The 56.6 percent reduction in Industrial Tax, provided for in the General State Budget (OGE-22), for companies providing oil and mining sector services, encourages technological and organizational development of national industries, economist Juliana Evangelista said.
The 2022 State Budget reduces the Industrial Tax rate, which is levied on incidental services, from 15 percent to 6.5 percent, and the Angolan government’s draft bill, sent to the National Assembly, was approved Monday 6 by the MPs.
Juliana Evangelista told Angop that the reduction of Industrial Tax for oil and mining industry workers, included in the State Budget for 2022, was part of a measure to encourage economic activity in these sectors that are driving the Angolan economy.
She recalled that this tax, in the past, the rate in force was 6.5 percent and was raised to 15 percent in 2017.
According to the specialist, the high taxes on the affected companies increase the cost of oil production, which is an inhibiting factor for attracting foreign investment.
Asked to what extent this measure of reduction from 15 to 6.5 percent satisfies the industrial oil and mining sector, Evangelista considers it an important step towards increasing the flow of investment, improving the business environment in the country, as well as financial robustness and liquidity for companies.
Juliana Evangelista stresses that changing the energy matrix is part of the agenda of the Sustainable Development Goals (SDGs) 2030, which provides for the introduction of clean energy.
Therefore, she indicates that it is a priority to exploit mineral resources (oil) to the maximum, otherwise they will be underused.
According to the specialist, most of the companies in this sector are small and medium-sized enterprises, which are responsible for a large part of the generation of wealth and jobs in economies.
In this sense, he stresses, the promotion and growth of these companies must be guaranteed, removing the barriers to their development, with regard to the significant reduction of taxes and/or fees in order to stimulate competitiveness and the creation of more jobs.
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For the economist, the immediate consequences of this government measure will be a greater capacity to attract foreign investment for companies in the sector, which will generate greater competitiveness for the companies.
“Taxes should be easy to understand and payment processes simplified, as taxation generates bureaucracy, leading to advisory obligations for companies, both in determining what is earned and produced,” she noted.
The oil sector, he noted, continued to be the lever of the national economy and accounted for around 90 percent of exports and around 75 percent of tax revenues, which is why reducing the industrial tax is of great importance.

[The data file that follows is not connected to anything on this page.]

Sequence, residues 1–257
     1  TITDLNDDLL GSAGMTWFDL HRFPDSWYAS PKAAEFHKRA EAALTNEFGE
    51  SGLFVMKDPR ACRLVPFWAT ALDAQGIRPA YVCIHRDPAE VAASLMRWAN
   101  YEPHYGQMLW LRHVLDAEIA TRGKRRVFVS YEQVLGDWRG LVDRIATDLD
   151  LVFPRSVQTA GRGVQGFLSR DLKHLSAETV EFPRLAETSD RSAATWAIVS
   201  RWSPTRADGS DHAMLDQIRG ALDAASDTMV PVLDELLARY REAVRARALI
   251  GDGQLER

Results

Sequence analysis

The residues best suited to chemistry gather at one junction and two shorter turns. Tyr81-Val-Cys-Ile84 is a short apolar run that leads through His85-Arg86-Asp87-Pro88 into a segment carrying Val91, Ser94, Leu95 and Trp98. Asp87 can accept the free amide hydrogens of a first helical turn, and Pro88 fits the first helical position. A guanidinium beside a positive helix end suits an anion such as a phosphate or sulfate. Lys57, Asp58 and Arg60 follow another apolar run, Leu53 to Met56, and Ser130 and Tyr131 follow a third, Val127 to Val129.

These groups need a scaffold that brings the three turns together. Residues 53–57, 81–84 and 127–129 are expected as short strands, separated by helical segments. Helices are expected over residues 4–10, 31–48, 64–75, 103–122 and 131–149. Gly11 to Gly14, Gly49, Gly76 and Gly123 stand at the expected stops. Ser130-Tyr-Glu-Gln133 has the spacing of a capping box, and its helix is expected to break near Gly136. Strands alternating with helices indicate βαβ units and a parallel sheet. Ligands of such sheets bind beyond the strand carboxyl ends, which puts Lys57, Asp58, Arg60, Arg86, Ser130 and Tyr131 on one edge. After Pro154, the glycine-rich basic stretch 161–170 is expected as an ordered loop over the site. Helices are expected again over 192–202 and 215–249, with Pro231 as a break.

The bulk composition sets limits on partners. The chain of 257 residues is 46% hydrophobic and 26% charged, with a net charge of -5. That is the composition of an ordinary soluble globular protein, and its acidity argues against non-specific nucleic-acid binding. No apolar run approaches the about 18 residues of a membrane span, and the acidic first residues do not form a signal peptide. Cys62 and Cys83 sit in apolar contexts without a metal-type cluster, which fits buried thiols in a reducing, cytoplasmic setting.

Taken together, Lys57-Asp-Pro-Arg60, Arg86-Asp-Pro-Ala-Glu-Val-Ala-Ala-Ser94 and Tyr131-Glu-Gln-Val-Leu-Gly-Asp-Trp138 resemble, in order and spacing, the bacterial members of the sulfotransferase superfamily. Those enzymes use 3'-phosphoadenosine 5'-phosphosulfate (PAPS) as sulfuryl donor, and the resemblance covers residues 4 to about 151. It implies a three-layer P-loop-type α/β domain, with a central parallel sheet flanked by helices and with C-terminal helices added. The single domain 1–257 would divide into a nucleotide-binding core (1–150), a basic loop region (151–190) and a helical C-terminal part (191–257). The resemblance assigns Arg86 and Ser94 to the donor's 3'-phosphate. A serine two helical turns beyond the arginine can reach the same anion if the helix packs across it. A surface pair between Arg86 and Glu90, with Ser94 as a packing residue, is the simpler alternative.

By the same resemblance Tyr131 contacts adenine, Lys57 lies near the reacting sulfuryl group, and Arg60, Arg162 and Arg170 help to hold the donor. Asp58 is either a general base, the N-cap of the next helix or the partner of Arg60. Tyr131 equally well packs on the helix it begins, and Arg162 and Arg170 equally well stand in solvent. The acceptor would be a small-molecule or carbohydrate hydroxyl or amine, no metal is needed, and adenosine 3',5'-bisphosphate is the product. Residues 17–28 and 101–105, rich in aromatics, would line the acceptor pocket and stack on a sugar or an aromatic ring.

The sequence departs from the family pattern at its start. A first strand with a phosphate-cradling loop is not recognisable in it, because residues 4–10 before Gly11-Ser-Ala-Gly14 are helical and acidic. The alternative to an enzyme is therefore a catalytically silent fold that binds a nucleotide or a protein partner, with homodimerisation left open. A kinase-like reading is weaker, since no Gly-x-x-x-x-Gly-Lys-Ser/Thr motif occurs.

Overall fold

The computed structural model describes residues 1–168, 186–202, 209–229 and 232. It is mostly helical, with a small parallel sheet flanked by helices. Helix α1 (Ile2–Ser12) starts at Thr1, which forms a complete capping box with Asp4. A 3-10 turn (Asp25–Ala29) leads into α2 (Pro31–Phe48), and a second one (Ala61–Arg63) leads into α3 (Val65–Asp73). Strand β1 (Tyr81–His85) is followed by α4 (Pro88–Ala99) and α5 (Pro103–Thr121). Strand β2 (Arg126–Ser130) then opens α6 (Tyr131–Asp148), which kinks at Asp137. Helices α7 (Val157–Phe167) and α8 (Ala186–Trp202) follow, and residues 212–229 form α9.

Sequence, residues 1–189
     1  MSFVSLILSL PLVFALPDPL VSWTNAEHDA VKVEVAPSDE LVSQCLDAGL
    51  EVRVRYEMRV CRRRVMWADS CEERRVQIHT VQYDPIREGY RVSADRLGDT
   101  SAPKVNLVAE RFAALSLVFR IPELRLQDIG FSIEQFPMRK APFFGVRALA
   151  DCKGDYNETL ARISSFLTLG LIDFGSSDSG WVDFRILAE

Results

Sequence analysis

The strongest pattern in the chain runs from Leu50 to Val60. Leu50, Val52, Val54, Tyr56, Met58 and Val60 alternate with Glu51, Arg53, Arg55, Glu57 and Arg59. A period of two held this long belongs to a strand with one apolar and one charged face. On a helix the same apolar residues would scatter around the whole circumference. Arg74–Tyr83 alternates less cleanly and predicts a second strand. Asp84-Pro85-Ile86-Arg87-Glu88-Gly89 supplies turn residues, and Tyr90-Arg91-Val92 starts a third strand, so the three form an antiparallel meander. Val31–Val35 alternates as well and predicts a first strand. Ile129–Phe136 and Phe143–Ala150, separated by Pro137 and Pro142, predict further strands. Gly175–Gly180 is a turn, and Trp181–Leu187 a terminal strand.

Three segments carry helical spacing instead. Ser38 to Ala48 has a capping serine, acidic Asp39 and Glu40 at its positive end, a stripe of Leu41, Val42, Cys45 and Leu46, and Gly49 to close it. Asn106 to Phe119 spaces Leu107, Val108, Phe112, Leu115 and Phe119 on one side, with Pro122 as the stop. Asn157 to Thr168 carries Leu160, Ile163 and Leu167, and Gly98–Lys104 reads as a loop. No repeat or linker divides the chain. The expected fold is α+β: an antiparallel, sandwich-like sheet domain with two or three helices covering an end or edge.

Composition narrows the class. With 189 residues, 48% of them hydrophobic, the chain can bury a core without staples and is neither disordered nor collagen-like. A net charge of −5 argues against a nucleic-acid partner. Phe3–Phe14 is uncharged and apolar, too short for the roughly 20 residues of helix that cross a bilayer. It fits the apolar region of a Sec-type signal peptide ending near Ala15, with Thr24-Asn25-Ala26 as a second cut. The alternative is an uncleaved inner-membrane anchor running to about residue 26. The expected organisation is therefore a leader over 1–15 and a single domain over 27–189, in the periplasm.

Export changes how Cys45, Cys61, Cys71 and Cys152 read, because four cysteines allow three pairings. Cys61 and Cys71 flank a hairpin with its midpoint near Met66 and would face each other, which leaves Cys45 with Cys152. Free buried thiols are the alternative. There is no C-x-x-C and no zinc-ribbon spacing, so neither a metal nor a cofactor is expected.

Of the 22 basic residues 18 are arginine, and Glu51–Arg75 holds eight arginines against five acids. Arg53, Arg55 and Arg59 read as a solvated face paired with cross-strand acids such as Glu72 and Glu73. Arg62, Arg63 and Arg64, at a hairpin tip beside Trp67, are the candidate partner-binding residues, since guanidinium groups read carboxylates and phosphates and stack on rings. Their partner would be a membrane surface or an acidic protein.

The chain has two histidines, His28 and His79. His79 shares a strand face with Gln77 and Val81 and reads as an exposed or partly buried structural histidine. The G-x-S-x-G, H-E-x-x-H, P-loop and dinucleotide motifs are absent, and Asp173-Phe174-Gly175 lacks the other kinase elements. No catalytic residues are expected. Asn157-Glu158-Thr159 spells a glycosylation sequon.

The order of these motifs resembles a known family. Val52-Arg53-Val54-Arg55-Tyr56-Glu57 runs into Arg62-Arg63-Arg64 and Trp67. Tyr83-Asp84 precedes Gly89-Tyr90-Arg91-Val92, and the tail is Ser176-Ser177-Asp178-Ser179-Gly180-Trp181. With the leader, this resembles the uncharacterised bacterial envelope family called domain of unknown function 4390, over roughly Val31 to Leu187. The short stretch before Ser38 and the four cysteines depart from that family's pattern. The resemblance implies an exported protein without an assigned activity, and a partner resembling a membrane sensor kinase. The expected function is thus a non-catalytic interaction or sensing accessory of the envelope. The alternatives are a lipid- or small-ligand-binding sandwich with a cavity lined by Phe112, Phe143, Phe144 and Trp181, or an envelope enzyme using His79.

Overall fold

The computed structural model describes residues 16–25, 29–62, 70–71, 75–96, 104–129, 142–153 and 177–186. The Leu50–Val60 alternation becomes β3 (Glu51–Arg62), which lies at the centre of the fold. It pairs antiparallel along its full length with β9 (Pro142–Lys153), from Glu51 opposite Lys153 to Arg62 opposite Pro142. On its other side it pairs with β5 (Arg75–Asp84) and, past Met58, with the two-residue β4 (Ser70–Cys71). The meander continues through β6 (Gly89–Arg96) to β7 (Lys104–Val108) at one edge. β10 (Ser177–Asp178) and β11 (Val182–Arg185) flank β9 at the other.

For the chairman of the Industrial Association of Angola (AIA), José Severino, the reduction of the industrial tax is timely in a period when Angola has “timidly” expanded its industrial park.
“With the lower tax rate, products will become more competitive and will contribute to reducing the serious structural and internal problems of our companies. We are thus beginning to take steps towards a local content revolution,” Severino said.
From a tax collection point of view, the president of AIA said that the state would “sacrifice” some revenue, but, on the other hand, it would increase the supply of services and, consequently, it would win in the long term, because national companies would increase the volume of services, more tax revenues and more staff contributing to social security.
Over the last few years, he said, Angola has taken steps to boost industry, but in order to obtain better results in the short term it is necessary to create more attractive policies and tax incentives for investments, especially outside the capital, Luanda.
The country should take advantage of the good business environment, created during this legislature, and set up industries in border areas and in large raw material centres.
“It is necessary to give differentiated tax treatment to the border provinces, with exemptions of up to 20 years, and not the current five years, as that is the way for us to compete in the SADC market, allied to the power and communications network,” he noted.
Following this, the official said that the fact that the primary link with SADC is overland and cross-border, Angola should aim to make Moxico, Lunda Sul and Lunda Norte, Cunene and the northern part of Uige, true industrial free trade zones.